Restoring Fitz's Bell

The bell of the Edmund Fitzgerald was raised in 1995 under the coordination of many organizations. It was restored before being placed in the Great Lakes Shipwreck Museum by Michigan State University. Below is a summary of the condition of the bell, and the steps that were taken by Michigan State University to restore the bell.

Image courtesy Gail Vander Stoep

Image courtesy Gail Vander Stoep

Bell's Initial Condition

Immediately following their removal from the ship, the bell and its stand were in poor condition due to water damage resulting in iron corrosion. The bell was coated in sulfide, there was heavy rusting, and "Edmund Fitzgerald" was not easily readable on the bell. The bell's stand also had severe corrosion of the iron, and the paint was chipping and in poor condition.

Restoring The Bell

To initially clean the bell, rust spots and deposits (iron corrosion) were cleaned with dental picks, and then the sulfide coating was removed with very soft bristle toothbrushes and baking soda. Following this step, researchers continued using lemon juice and formic acid (found in bee stings).

After the initial cleaning, sulfide was removed completely by washing the bell in formic acid, revealing a thick coat of rust under the sulfide. The rust was also removed by wrapping the bell in rags coated by formic acid, and once this step was complete, the bell was washed another time with distilled water and sodium bicarbonate (baking soda). Due to the nature of sulfide, drying the bell with heat caused oxides and chemical residue and remnants to be released, including iron oxide, which was removed through more soaking and scrubbing. Researchers then transported the bell of the Edmund Fitzgerald to be "power washed" by blasting it with baking soda and distilled water at high pressure. Soda blasting the outside of the bell successfully removed all remaining tarnish on the bell's surface, and the bell was then buffed several times, ending the cleaning process.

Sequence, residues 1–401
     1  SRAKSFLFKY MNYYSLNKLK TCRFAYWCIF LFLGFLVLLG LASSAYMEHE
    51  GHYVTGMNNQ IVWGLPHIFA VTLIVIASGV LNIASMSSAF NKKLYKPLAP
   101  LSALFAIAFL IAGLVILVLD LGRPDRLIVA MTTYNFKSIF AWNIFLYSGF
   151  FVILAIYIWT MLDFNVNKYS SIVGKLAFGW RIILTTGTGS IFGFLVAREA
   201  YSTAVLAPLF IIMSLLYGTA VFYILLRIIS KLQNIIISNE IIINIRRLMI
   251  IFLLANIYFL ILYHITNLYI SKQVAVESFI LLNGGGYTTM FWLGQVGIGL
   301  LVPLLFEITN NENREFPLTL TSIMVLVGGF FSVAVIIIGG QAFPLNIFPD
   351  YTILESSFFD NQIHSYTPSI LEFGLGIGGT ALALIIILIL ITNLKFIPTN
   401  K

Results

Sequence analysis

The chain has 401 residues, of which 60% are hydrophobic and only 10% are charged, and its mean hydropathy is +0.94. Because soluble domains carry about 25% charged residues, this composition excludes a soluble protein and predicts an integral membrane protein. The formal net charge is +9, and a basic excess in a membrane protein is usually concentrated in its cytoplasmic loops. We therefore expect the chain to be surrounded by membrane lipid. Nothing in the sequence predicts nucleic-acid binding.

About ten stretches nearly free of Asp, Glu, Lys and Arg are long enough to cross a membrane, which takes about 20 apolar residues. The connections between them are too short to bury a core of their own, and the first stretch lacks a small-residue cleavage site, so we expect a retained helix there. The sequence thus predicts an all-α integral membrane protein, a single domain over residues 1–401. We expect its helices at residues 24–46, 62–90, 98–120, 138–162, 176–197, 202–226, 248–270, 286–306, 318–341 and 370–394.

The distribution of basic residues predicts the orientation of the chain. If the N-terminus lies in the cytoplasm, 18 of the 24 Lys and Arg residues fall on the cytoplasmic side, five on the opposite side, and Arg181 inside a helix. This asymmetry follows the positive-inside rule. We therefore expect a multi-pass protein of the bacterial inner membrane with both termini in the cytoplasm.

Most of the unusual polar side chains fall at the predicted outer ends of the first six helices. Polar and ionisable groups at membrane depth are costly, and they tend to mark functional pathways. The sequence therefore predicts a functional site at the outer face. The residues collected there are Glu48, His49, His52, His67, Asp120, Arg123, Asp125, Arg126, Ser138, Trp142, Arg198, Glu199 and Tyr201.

After cleaning the bell, it was coated with six layers of lacquer, and the same type of paint used originally on the bell's steel was found and used in a repainting. The repainting was completed by spray painting.
Finally, incised letters spelling "Edmund Fitzgerald" that appear on the bell in black were added, and the original rope from the bell was used for the bell's clapper.

Image courtesy Gail Vander Stoep

Image courtesy Gail Vander Stoep

The Restored Bell

The restored bell weighs approximately 200 pounds and is 21 1/2 inches in diameter at its base. It is displayed currently on permanent loan at the Great Lakes Shipwreck Museum, which made additional changes to the bell, such as adding the shiny finish which can be seen on the bell today.

Great Lakes Shipwreck Musuem

Great Lakes Shipwreck Musuem

How the bell is used

The bell is on permanent display at the Great Lakes Shipwreck Museum in Michigan and is used each November 10th in the bell-ringing ceremony in memory of the 29 crewmen of the Edmund Fitzgerald.